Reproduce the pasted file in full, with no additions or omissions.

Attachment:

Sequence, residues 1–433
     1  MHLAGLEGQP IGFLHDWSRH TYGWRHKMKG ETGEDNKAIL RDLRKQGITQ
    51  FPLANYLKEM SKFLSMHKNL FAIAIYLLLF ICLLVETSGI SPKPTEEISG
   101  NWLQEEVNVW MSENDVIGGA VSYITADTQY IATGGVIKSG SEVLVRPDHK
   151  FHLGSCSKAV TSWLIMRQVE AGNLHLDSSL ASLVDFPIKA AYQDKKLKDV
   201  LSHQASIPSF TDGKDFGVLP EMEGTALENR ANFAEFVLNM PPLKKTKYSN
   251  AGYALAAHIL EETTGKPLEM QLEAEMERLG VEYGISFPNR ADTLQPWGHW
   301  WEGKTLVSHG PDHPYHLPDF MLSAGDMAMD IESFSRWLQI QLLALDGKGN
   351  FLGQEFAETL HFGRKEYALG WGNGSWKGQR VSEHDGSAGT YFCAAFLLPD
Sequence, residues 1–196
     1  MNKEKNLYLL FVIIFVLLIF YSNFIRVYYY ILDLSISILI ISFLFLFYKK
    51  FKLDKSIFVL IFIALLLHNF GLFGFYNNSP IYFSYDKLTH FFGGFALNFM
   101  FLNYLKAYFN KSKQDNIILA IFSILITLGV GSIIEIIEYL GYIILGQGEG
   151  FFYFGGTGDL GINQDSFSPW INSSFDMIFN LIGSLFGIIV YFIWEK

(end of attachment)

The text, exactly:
Sequence, residues 1–433
     1  MHLAGLEGQP IGFLHDWSRH TYGWRHKMKG ETGEDNKAIL RDLRKQGITQ
    51  FPLANYLKEM SKFLSMHKNL FAIAIYLLLF ICLLVETSGI SPKPTEEISG
   101  NWLQEEVNVW MSENDVIGGA VSYITADTQY IATGGVIKSG SEVLVRPDHK
   151  FHLGSCSKAV TSWLIMRQVE AGNLHLDSSL ASLVDFPIKA AYQDKKLKDV
   201  LSHQASIPSF TDGKDFGVLP EMEGTALENR ANFAEFVLNM PPLKKTKYSN
   251  AGYALAAHIL EETTGKPLEM QLEAEMERLG VEYGISFPNR ADTLQPWGHW
   301  WEGKTLVSHG PDHPYHLPDF MLSAGDMAMD IESFSRWLQI QLLALDGKGN
   351  FLGQEFAETL HFGRKEYALG WGNGSWKGQR VSEHDGSAGT YFCAAFLLPD
Sequence, residues 1–196
     1  MNKEKNLYLL FVIIFVLLIF YSNFIRVYYY ILDLSISILI ISFLFLFYKK
    51  FKLDKSIFVL IFIALLLHNF GLFGFYNNSP IYFSYDKLTH FFGGFALNFM
   101  FLNYLKAYFN KSKQDNIILA IFSILITLGV GSIIEIIEYL GYIILGQGEG
   151  FFYFGGTGDL GINQDSFSPW INSSFDMIFN LIGSLFGIIV YFIWEK